El Rodeo balances authenticity and hospitality Forty-four seconds. That’s the time elapsed from the moment we slide into a booth at El Rodeo to the time we are served a basket of warm, thin tortilla chips. If you wait more than un minuto, you’re at a Mexican restaurant that’s taking you for granted.
El Rodeo, on the other hand, is a well-established Speedway-area Mexican eatery that knows how to entice and comfort a gun-shy Hoosier gringo. The menu proclaims, in the tone of a public service announcement: “Not all Mexican food is hot. All of our dishes are meticulously prepared with an authentic yet mild flavor. For those who like it hot, we put a dish of hot sauce on the table.”
The warning worked. Teeming with all-blonde families, long-married old folks and race track operatives drinking 16-ounce margaritas, El Rodeo is a sprawling democracy, from the hand-painted wrap-around mural of Mexico complete with waterfall, to the big screen TV blaring a beisbol game.
But the salsa, perhaps, was too democratic — lacking in tomato chunks, fresh herbs and any real heat, there in its plastic Aztec-styled bowl. Wimps, we decided, may be ruining the salsa bell curve. A little sad, we progressed to the entrees. The husband picked a combo. A statistician could tell you how many combinations of tacos, enchiladas, chalupas, rice-and-beans, tostadas, burritos, chile rellenos and tamales are mathematically possible. El Rodeo offers 30 combos, none more than $6.99. The tamale was a standout, with an especially thick and earthy corn crust encasing ground beef with that rust-colored gravy sauce.
On the encyclopedic El Rodeo menu, little steer skull icons indicate Chef’s Specials. Dad picked the Acapulco ($7.99), a heap of spice-rubbed, tender beef under a thin veil of melted cheese, served with deftly-grilled onions and rice. The menu said that the dish also came with salad, and my Italian dad shouldn’t have been surprised that most Mexican restaurants define salad as a mound of pale shredded iceberg dolloped with sour cream, pico de gallo and guacamole. Our server Roger was an angel and brought a fresh plate of plain lettuce after Dad rebuffed the guacamole. No gringo request is too silly at El Rodeo, nor any party too big or hungry. To wit, we witnessed another waiter bearing a total of seven plates on robust forearms.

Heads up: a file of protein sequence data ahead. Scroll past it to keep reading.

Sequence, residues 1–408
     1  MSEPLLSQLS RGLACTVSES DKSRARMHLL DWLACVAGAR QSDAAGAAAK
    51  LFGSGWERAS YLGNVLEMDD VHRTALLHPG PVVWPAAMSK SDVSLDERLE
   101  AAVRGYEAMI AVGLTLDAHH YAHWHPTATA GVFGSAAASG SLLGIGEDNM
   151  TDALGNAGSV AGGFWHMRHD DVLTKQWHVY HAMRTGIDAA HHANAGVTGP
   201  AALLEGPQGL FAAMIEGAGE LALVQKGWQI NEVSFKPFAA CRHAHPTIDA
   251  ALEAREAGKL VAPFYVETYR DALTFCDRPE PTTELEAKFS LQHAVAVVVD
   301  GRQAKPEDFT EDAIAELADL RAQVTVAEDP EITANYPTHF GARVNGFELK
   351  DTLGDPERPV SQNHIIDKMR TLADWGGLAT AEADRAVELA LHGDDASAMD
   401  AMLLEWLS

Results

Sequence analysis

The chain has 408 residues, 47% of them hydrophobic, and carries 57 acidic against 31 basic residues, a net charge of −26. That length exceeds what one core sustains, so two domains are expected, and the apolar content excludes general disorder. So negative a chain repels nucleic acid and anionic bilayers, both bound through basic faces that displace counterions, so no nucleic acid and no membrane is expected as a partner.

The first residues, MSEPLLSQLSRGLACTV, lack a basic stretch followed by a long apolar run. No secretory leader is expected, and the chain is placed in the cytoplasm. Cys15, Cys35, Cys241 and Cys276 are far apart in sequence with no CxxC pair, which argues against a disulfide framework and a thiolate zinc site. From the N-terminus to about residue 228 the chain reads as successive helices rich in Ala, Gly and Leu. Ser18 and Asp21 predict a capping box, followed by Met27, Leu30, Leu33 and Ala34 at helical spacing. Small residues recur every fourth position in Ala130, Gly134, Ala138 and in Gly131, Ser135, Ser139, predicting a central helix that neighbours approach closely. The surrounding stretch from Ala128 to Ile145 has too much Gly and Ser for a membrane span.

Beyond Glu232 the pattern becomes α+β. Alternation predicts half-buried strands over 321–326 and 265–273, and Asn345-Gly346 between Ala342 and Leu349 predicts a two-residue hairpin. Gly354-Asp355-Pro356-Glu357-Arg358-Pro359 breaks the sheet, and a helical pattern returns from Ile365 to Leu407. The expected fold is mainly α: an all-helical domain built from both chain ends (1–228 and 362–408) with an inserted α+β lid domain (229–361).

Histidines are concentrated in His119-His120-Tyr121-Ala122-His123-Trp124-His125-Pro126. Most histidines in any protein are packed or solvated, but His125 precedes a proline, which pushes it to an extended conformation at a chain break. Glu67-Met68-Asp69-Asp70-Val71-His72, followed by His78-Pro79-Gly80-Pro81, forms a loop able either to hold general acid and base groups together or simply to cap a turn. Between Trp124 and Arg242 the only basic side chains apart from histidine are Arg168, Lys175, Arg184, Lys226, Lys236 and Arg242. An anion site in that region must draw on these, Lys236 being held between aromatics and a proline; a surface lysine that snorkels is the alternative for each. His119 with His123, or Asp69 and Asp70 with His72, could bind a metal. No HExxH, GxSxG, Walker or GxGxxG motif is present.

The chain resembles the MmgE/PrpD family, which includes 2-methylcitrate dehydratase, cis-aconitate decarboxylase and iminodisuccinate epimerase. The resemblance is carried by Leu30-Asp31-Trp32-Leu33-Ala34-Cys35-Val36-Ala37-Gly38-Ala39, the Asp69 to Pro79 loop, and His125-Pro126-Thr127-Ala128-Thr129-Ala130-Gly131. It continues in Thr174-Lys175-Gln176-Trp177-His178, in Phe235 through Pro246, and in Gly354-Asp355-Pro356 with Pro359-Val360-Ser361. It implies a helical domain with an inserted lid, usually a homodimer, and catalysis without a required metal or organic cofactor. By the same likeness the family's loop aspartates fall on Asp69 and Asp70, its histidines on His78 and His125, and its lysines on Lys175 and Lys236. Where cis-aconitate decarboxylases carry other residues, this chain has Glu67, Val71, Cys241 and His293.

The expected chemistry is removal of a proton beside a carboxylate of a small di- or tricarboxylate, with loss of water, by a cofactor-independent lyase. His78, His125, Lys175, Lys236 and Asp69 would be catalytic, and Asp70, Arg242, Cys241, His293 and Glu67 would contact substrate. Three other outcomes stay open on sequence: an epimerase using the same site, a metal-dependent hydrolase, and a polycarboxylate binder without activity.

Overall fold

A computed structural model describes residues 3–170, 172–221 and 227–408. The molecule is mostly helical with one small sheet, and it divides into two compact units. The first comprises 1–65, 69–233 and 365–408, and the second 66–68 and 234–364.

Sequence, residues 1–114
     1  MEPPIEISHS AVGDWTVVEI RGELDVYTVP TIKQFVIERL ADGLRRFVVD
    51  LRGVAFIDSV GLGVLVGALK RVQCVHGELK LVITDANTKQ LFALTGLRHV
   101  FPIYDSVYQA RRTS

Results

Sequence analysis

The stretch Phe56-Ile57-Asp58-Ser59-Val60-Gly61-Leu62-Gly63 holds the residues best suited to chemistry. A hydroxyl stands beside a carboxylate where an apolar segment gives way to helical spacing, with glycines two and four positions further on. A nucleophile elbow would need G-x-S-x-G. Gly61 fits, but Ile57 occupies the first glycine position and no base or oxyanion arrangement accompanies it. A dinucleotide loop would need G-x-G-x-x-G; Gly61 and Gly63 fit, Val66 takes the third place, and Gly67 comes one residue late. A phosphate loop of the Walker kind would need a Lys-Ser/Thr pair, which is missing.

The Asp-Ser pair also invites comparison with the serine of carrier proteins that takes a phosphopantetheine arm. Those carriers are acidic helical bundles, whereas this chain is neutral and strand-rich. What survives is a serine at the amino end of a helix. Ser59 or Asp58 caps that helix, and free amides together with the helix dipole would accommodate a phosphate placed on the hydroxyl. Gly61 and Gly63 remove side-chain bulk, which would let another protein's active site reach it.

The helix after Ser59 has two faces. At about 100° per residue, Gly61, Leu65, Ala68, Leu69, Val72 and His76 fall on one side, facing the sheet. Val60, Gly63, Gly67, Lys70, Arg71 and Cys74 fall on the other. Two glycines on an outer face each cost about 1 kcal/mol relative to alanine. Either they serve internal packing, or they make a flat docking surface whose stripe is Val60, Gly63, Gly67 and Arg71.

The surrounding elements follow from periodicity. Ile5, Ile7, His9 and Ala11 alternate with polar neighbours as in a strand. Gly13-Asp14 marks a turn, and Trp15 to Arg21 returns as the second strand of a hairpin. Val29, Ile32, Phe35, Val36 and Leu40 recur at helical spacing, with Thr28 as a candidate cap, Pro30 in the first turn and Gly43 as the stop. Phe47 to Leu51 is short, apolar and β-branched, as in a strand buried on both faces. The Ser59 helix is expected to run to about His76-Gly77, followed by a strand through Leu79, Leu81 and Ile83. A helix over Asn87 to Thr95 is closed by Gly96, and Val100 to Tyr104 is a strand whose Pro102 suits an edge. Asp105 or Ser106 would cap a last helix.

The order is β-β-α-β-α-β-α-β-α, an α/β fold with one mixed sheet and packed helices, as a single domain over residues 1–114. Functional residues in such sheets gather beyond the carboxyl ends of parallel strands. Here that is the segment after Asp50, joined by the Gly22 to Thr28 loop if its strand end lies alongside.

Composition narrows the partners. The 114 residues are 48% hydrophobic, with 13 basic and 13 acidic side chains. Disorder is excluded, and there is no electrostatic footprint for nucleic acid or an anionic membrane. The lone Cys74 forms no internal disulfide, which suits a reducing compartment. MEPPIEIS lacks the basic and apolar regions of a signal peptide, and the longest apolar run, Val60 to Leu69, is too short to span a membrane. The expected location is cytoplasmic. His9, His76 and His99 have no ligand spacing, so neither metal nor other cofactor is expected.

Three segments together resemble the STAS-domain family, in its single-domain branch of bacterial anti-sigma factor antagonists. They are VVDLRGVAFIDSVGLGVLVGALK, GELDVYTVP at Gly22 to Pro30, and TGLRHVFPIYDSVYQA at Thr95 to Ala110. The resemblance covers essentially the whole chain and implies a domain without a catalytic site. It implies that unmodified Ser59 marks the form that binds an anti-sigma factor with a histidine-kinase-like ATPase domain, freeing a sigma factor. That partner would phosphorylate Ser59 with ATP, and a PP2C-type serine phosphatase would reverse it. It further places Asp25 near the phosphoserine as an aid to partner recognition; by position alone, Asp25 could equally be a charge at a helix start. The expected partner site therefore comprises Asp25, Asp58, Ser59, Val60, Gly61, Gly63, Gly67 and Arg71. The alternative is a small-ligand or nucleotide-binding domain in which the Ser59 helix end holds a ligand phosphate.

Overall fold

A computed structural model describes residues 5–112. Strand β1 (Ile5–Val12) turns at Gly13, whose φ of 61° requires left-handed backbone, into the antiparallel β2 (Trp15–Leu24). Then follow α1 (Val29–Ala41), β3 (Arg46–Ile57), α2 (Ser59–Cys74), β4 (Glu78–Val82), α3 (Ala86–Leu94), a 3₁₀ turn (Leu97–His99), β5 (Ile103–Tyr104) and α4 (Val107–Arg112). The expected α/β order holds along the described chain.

These same waiters probably endure first degree burns so that we can enjoy the sizzling drama of fajitas. My Fajitas de Camarón ($12.75), another Chef’s Special, was rife with shrimp — no skimping here — and grilled tomatoes, bell peppers and well-carmelized onion chunks. More veggies might have been nice, perhaps some mushrooms, but these fajitas are rustic, bountiful and deftly grilled.
El Rodeo does offer Vegetarian Fajitas ($8.25) with added carrots, broccoli and cauliflower. But judging by the Chef’s Specials, El Rodeo is all about carnivorousness. Fajitas El Rodeo ($9.99) is an intimidating mix of four different meats: beef, chicken, pork and chorizo sausage. The Super Rodeo has steak, chicken and shrimp, and, at $14.99, is one of the priciest menu items. In keeping with its everyman sensibility, El Rodeo is a great place to stretch your dime. Most lunches are around $5, none more than $6.75. The à la carte menu is a boon for students (or down-on-their-luck Indy 500 drivers). For $2, a chicken enchilada can be yours.
Desserts at Mexican restaurants are often left to languish while people pop yet another tortilla chip. This time we made sure to take a tour of sweet endings, El Rodeo-style. The Fried Ice Cream ($2.99) made a glamorous presentation, with aerosol can whipped cream and chocolate syrup drizzles heaped upon a fluted pastry bowl — but Joe felt cheated that the ice cream wasn’t actually fried, just plopped into the fried pastry bowl. Dad’s sopapillas got higher marks ($2.25): super crisp elephant ears kissed with honey and butter. My dark gold flan, the traditional Mexican custard ($2.25), looked wan, but tasted rightly rich, with a tinge of alcohol. Speaking of alcohol, El Rodeo offers a full contingent, from Grey Goose to Wild Turkey, plus 16 beer selections.
As I stood in line to pay the bill, an older but perky couple hollered good-bye to Roger. “He’s our favorite server,” the woman said. “We request him whenever we come. Once we saw him eating with his family on his day off. He’s got kids to take care of. We tip him as much as we can.” I could tell Roger was a pro. And that El Rodeo is more Hoosier than Ryan’s Steakhouse, and still plenty Mexican.
El Rodeo 2606 N. High School Road 328-7953 Monday– Saturday, 11-10:30 Sunday, 11:30-9:30 Food: 3 1/2 stars Atmosphere: 3 1/2 stars Service: 5 stars